by Parker Jorenby
The COVID-19 pandemic has compounded struggles for children with incarcerated parents, leading to even greater suffering within these families. Children with incarcerated parents tend to live in marginalized communities facing poverty, severe mental disorders, and stigmatization by their society. Despite the relationship strain that results from a parent’s incarceration, children previously have had the opportunity to pursue a relationship with their incarcerated parent through regular in-person visits. Because of the pandemic, prisons around the United States have shut down all forms of visitation, depriving children of a relationship with their incarcerated parent, but they did not present an alternative outside of phone-calls to make up for this loss of contact between parent and child. The deprivation of this relationship has led to compounding negative effects and poses the question of how family visiting systems in prisons should be reformed.
In recent years, studies have been conducted to identify the traumatic effects experienced by witnessing the arrest of a parent. On top of the already adverse experiences of having an incarcerated parent, the observation of police officers arresting a parent places immense stress on children of all ages. Younger children especially do not understand the reasoning behind the imprisonment of their parents or why they may not return in the foreseeable future. The lack of parental involvement and the subsequent consequences following the imprisonment increase the number of adverse childhood experiences (ACEs). However, visitation with incarcerated parents helps mitigate the negative effects of a high ACE score as well as helping incarcerated parents maintain an important relationship with their children. When considering crime as an infraction on a relationship, whether it is familial or community, developing prosocial and a support network outside of prison may help reduce the recidivism rate.
Seven to eight million children, or 7% of children in the United States, experience the incarceration of at least one parent. This is more than the amount of children suffering from autism and the amount of children suffering from Type 1 Diabetes. With the COVID-19 pandemic, prisons stalled all in-person visitation as a safety measure to protect the prisoners, staff, and outsiders.
COVID-19 presents a public health risk to the whole nation, however, a balance needs to be reached to ensure children have the opportunity to maintain a relationship with their imprisoned parents. Phone calls have been the main alternative to in-person visitation, but challenges have risen with this method. The infrastructure in place for phone calls requires expenditures on the family’s end. Since some incarcerated parents are the main money-makers for the family, families with imprisoned providers already have financial hardships and may not be able to afford the cost of phone calls. Additionally, phone calls are a difficult medium of communication for young children to establish a meaningful relationship over. An alternative medium of communication needs to be established during the pandemic to ensure children maintain a healthy relationship with their imprisoned parent.
With the rise of video-calling and the new infrastructure in place from the pandemic, video-calling is one alternative that is economically friendly for families and prisons. People pay for phone calls by the minute or get limited to only two phone calls with an inmate twice a week. That regularity is only in prisons prioritizing this relationship with the outside while the majority of prisons do not offer this service to inmates.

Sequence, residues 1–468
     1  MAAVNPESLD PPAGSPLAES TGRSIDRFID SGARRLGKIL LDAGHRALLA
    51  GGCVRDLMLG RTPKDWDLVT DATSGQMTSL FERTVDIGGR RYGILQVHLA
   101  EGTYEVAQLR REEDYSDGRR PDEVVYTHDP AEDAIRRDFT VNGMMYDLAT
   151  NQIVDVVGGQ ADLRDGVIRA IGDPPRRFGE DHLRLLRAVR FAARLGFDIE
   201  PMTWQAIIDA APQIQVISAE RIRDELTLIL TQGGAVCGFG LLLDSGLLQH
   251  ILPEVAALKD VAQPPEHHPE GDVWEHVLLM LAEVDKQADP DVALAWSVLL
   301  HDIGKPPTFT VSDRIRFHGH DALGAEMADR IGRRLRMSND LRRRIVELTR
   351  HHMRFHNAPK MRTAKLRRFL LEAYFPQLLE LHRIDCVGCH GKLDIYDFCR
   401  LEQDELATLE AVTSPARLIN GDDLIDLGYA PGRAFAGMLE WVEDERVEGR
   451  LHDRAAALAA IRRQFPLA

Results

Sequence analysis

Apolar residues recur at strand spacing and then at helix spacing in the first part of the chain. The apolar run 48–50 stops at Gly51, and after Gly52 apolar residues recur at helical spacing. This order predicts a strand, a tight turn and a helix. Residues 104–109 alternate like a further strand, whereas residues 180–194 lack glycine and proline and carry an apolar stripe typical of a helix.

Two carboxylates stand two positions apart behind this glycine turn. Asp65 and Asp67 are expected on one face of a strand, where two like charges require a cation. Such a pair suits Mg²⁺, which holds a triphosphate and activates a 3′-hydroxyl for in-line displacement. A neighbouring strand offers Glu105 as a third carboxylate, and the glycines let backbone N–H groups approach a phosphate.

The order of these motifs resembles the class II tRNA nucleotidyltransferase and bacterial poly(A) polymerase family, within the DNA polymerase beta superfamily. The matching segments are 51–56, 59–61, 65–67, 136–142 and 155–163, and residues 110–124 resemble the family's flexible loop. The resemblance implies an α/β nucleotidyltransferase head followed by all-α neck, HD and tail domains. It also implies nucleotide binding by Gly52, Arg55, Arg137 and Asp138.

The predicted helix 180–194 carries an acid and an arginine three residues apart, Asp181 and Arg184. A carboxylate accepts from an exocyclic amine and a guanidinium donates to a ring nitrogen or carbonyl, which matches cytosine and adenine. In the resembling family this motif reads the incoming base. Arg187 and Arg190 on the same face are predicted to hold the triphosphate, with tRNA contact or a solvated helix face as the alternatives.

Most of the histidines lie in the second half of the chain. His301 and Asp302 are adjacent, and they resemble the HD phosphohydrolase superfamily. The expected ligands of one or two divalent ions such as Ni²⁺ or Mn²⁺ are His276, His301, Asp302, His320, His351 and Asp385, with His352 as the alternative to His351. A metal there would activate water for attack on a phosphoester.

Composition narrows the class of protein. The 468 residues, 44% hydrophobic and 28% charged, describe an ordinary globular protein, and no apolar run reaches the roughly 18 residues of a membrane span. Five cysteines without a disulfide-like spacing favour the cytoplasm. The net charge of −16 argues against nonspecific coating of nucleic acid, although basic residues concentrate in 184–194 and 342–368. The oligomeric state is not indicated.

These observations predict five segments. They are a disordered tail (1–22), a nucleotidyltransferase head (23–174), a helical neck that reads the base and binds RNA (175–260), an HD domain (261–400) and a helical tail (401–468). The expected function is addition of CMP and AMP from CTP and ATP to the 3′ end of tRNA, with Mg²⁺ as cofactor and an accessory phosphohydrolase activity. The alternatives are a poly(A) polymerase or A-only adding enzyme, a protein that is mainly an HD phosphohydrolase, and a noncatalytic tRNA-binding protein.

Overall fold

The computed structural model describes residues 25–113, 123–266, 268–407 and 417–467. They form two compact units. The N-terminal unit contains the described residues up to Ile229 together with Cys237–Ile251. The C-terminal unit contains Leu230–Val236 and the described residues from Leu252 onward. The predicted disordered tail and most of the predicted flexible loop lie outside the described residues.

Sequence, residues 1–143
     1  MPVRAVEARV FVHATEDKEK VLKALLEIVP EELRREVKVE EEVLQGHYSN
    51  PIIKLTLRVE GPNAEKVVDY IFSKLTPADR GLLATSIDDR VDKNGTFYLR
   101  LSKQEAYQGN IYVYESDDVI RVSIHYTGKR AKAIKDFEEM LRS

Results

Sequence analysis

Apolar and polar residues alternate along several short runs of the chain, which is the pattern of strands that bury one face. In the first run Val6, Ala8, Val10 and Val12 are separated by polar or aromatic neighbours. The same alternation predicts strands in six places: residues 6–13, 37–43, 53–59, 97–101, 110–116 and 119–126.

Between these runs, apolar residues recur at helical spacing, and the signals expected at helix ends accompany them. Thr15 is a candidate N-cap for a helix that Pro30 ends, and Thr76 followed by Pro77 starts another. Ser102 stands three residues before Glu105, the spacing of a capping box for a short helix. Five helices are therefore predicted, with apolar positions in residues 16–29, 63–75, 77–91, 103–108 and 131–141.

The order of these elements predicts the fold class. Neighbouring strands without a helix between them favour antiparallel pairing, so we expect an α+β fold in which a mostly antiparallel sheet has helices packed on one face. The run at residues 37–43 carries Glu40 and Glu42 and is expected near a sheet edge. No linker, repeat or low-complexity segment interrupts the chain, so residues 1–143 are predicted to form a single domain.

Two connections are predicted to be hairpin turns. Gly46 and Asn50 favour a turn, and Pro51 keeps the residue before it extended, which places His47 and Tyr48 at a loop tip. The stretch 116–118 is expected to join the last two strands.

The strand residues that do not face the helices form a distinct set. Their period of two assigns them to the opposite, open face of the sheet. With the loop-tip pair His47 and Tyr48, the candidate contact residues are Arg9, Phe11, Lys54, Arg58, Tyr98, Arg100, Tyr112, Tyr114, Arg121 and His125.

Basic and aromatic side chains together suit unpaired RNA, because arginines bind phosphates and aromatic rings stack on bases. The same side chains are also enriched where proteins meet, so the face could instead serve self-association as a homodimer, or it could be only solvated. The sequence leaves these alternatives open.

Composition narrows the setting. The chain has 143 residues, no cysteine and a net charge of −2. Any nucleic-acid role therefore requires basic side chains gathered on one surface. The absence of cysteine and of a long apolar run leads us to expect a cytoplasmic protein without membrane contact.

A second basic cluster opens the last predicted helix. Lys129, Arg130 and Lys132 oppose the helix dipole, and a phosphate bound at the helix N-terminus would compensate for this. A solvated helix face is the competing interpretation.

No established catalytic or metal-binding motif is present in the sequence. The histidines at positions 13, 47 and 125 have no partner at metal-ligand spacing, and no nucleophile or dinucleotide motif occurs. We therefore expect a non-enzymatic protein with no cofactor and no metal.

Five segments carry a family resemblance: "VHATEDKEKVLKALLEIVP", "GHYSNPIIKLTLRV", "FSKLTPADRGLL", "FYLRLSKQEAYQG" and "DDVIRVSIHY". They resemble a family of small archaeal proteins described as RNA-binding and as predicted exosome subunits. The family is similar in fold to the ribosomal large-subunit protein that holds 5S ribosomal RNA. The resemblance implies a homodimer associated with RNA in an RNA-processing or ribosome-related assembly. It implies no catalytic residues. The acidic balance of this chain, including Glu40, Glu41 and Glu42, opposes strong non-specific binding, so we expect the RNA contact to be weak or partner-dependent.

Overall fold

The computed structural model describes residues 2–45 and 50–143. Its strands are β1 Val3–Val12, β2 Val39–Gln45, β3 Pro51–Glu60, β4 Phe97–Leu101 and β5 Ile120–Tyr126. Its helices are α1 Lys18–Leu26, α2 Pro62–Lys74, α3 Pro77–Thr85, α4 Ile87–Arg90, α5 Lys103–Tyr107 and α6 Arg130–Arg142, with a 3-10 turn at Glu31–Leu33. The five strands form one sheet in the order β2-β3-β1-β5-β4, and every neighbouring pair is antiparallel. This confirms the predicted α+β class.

Another reason to implement video-calling as the main alternative is the ease of usage for children and caretakers. With almost every student in the United States experiencing online classes in the last year, studies have shown that video-calling is a developmentally appropriate means of communication for children of all ages. Parents and children can see each other, play games over the call, and share stories. The interactions over video-calling provides immense flexibility not offered by a traditional phone call.
The pandemic will be temporary, but the stress of seeing parents in prison and the important need for a parent-child relationship will always exist. Already children experience adverse effects from witnessing the arrest of their parent, but another stressor can be visiting the prison holding their parent. The drive to the prison, going through security checkpoints, and being in the cold room with other inmates outside their parents all present immense stressors for a child. Utilizing video-calling as the main alternative to in-person visitation may help reduce the strain placed on a child. Beyond the pandemic, video-calling can continue to be used by parents and children to maintain a positive relationship when in-person visits become too difficult for a child.
The COVID-19 pandemic has presented challenges for everyone in the United States, especially children of incarcerated parents. The pandemic has shut down prison visitations, depriving children of the essential parent-child relationship. This relationship can reduce the negative effects of ACEs and the recidivism rate for parents. Prisons across the country should offer video-calling as an alternative means of communication between parent and child. It is a solution that benefits society by saving families money, being developmentally appropriate for children, and helping inmates gain pro-social skills to return to society.
Also published on Medium.